- Thank you Stephen and congratulations. Let's go to Brian.

- Yeah, thanks David. My name is Brian Young. I'm also a lieutenant colonel in the army. I'm in the Army Reserve where I've been for about 21 years now. And originally from North Carolina, now in the Boston area with this program. My army career has been somewhat unique in the sense that I've started out in army watercraft. So landing craft, port operations, and then moved to strategic transportation for about five or six years. And then to army contracting, logistics contracting mostly onto training and support. After that where I commanded a battalion in Hawaii most recently. Also have served throughout the world, CENTCOM, Central Command area of operations in the Middle East. European Command, and then also most of the past decade, in Pacific Command in various commands. Was involved in also some humanitarian disaster relief operations, the Fukushima Daiichi, natural disaster in Japan, and then combat operations in Afghanistan and port operations in Kuwait during operation Iraqi Freedom. So thanks for having me.

- Excellent, thank you. Joe, could you introduce yourself please?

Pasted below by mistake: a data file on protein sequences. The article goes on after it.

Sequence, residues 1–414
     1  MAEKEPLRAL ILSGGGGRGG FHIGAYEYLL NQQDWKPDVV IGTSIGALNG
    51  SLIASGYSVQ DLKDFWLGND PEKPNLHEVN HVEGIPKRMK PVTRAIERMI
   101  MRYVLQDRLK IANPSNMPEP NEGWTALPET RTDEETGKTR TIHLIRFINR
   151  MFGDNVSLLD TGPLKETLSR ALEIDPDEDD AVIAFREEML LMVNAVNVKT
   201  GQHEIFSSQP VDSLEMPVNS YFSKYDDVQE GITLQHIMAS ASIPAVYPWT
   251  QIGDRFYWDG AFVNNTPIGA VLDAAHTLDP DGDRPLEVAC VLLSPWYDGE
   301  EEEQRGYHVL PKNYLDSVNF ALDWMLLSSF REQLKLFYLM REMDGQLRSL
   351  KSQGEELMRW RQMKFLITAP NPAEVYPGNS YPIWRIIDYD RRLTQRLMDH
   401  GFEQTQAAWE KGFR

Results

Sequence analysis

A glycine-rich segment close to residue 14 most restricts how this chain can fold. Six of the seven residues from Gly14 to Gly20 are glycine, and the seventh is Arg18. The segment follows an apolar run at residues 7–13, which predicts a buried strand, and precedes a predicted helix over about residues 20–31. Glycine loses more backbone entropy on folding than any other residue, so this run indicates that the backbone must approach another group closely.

- Hey Dave, so Colonel Joe Parker. I am a logistics officer, basic branch quartermaster which is supply. Went to Wake Forest in North Carolina for my undergrad. Got a master's in acquisition and procurement management and went operational art and science, from the Command and General Staff College out at Fort Leavenworth. Almost 20 years in the army. And most of my time has been spent at the tactical and operational level. So as a logistician spent a lot of my time working with armor and mechanized infantry units. Got five deployments, three to Iraq and two to Afghanistan. I spent some working plans and policy at the Pentagon. Was a squadron commander outta Fort Irwin, California, at the National Training Center. And then did a follow on assignment as a observer controller, which is responsible for training, and then came here for the fellowship. So happy to be here.

- Excellent. Thank you very much. And thank you all for sharing your really broad variety of experiences with us and with the audience. What are your impressions on the differences between how maybe the military and the private sector manage their supply chains?